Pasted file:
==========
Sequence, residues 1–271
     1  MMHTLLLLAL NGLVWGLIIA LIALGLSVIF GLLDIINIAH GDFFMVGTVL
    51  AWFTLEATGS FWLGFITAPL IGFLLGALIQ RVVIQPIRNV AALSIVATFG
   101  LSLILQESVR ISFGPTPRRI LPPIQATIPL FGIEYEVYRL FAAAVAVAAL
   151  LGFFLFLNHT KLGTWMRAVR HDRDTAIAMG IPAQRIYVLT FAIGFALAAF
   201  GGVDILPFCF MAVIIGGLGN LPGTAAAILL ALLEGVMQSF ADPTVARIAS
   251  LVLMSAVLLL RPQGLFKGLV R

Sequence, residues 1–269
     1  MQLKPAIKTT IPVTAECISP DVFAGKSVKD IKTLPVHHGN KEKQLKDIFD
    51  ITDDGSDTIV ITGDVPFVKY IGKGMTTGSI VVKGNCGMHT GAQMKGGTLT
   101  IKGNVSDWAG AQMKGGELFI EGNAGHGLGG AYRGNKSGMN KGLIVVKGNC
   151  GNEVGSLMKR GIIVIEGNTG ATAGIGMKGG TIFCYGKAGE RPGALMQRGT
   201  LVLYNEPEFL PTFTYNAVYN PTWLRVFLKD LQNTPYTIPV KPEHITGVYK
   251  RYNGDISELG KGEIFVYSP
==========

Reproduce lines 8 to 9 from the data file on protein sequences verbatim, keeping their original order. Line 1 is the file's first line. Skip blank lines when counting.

Sequence, residues 1–269
     1  MQLKPAIKTT IPVTAECISP DVFAGKSVKD IKTLPVHHGN KEKQLKDIFD